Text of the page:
The Arlington Department of Transportation is working to get to “yes” as well. Dennis Leach, the director of transportation, understands the importance of fast, effective and reliable public transportation. “Providing high-quality service connecting people to where they want to go I think strengthens the potential of the corridor,” he says.
The department has undertaken a 10-year transit development plan to evaluate the needs of the county and to set recommendations, in collaboration with WMATA, to improve surface transit, specifically in busy corridors like Columbia Pike.
Among these recommendations is the Pike Line, which would extend from Skyline in Fairfax County down the length of Columbia Pike and connect to Pentagon City, Crystal City, Potomac Yard and even potentially Alexandria. “We heard a lot of comments about providing a more seamless connection between these various transit districts,” Leach says. “[The Pike Line] is the service that connects the corridors together and provides a very highly reliable, frequent service where people don’t even really need a schedule.”
In addition, they are proposing more one-seat ride lines, meaning no transfers, to take commuters to Federal Triangle and Navy Yard and express service for some of the routes coming from Annandale to reduce congestion on the Pike.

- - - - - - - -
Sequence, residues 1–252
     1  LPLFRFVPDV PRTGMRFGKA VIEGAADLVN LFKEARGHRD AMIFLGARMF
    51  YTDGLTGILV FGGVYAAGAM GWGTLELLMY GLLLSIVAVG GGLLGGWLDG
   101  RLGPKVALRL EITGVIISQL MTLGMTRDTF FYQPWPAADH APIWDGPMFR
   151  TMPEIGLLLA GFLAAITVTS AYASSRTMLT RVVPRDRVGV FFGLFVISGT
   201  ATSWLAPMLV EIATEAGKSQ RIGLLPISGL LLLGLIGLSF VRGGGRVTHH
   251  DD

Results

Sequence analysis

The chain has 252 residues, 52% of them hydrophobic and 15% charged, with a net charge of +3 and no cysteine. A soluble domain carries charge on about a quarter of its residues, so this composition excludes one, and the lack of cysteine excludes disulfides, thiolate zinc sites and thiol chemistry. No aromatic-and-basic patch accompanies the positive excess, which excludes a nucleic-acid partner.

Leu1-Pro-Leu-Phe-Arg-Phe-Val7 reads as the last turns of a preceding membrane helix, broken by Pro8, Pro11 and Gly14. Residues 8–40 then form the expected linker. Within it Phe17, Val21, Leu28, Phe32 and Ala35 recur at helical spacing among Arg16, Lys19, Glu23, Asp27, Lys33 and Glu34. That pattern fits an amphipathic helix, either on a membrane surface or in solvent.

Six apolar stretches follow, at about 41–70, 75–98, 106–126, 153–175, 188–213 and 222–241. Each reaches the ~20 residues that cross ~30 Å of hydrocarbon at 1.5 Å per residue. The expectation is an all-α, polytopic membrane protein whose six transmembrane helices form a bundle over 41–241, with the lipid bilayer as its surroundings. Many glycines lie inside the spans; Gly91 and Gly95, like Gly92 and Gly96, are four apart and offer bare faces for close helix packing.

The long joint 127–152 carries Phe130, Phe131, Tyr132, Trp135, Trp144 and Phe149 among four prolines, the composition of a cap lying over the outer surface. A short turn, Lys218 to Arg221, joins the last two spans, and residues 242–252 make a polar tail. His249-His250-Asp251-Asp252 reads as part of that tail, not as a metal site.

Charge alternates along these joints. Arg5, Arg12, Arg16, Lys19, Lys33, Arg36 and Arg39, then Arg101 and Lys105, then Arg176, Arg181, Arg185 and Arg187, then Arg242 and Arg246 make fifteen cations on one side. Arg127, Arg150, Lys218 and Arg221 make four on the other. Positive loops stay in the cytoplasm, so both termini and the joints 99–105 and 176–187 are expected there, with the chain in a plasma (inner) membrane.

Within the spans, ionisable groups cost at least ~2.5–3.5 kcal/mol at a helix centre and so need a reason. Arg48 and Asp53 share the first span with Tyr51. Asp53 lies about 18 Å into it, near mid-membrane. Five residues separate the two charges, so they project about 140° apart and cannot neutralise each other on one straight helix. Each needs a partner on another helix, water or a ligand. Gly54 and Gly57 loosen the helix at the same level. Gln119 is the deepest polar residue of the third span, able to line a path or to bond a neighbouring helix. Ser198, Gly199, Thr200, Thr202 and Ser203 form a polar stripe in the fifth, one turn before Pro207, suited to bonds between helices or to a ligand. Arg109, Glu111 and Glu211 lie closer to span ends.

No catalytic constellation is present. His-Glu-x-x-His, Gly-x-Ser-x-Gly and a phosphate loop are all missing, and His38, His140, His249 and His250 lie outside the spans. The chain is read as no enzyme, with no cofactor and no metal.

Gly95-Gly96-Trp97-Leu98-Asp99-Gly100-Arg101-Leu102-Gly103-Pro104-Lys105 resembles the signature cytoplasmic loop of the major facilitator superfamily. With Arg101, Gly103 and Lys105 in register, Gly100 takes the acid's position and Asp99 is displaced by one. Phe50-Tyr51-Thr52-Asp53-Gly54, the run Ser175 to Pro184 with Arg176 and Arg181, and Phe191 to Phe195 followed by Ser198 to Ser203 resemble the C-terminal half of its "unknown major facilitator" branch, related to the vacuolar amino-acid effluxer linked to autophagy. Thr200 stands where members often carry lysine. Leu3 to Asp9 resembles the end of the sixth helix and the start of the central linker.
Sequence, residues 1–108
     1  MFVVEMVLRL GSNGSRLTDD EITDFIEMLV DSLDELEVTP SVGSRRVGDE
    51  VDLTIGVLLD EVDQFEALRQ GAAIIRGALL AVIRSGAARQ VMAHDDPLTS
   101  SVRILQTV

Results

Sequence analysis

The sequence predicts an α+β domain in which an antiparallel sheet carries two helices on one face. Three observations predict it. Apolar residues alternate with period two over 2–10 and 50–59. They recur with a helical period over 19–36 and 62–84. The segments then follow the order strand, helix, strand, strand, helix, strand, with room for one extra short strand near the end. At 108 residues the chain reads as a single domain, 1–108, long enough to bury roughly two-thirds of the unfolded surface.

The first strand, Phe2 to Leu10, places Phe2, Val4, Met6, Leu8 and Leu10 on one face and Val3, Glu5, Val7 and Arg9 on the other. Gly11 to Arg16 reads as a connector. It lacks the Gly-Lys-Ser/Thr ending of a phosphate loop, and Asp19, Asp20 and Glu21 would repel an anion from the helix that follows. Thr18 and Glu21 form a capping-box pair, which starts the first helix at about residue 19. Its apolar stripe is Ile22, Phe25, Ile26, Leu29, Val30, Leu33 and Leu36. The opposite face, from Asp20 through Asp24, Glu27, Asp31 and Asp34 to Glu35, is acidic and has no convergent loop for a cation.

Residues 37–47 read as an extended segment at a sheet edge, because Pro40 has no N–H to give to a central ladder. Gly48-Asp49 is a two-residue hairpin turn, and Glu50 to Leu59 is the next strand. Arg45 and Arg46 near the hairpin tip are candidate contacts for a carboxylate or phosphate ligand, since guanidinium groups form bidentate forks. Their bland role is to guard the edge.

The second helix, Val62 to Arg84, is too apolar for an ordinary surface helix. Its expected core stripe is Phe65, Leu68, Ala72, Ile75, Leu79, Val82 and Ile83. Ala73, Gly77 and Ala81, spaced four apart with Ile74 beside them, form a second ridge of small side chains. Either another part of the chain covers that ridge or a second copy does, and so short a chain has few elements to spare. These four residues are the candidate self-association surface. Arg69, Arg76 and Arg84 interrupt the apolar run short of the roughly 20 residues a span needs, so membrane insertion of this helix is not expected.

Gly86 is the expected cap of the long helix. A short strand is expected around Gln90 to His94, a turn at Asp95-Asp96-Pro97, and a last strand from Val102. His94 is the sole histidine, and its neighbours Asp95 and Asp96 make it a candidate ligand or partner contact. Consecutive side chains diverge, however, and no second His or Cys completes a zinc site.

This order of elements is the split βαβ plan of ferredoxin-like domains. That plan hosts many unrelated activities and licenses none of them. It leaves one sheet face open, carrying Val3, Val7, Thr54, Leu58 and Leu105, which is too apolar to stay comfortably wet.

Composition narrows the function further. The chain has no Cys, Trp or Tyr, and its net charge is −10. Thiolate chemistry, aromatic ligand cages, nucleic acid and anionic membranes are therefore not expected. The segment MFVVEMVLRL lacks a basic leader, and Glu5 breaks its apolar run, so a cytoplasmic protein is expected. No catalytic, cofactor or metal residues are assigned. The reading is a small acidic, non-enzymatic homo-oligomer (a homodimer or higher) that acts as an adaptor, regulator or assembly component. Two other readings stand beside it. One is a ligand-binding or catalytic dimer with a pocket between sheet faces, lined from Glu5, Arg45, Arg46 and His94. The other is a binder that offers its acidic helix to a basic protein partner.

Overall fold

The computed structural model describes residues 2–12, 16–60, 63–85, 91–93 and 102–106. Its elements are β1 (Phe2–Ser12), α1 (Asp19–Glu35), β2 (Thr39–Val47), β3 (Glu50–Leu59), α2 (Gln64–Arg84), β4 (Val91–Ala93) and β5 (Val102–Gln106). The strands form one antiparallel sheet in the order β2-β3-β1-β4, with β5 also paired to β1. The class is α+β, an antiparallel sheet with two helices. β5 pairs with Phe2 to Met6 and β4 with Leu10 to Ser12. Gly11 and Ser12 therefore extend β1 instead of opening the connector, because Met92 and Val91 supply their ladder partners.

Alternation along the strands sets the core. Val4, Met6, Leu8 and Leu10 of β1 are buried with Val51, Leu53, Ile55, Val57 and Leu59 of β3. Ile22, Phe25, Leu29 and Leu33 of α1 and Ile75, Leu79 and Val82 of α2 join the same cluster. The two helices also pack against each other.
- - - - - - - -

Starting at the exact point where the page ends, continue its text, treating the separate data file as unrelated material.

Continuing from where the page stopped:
For several months, the county solicited input from citizens and businesses, and CPRO offered its advice based on the needs of the community.
“We want to keep an eye on the capacity,” Murphy says. “Ultimately, will it be able to handle the increase in population up and down the Pike?” And more importantly, “Will it be attractive enough to accommodate people who might otherwise drive?”
Leach says that the main concern from Arlington residents was frequent, reliable and convenient transportation. Pike residents had some additional requests. “It’s not just about the commute,” Leach says. “It really is about providing connections for people that may work off hours or nontraditional hours; it’s about making trips outside of work for recreational purposes or shopping. It’s more of a lifestyle thing.” Leach says that filling the gaps of evening and weekend service, as well as augmenting service within Arlington, is a priority.
The board is poised to vote on the transit development plan recommendations, which include technological improvements like transit signal priority (optimizing transit signals to hold green lights for buses) and off-vehicle fare collection (to speed up the boarding process).
If the recommendations are approved this month by the Arlington board and WMATA, service changes could begin as early as July 2017. Capital investments such as new buses or signals would follow shortly after.
Though these upgrades are at least a year off, the county is currently moving forward with facility investments such as improvements to platforms and real-time arrival information along Columbia Pike. The Crystal City Potomac Yard Transitway, which opened in April, is an example of what’s in store for the whole corridor.
Whatever transportation plans the county has in the works, CPRO has one request: “Make it as good as you can make it,” Murphy says. “Make it work, make it attractive, make it meet the needs of both commuters and residents.”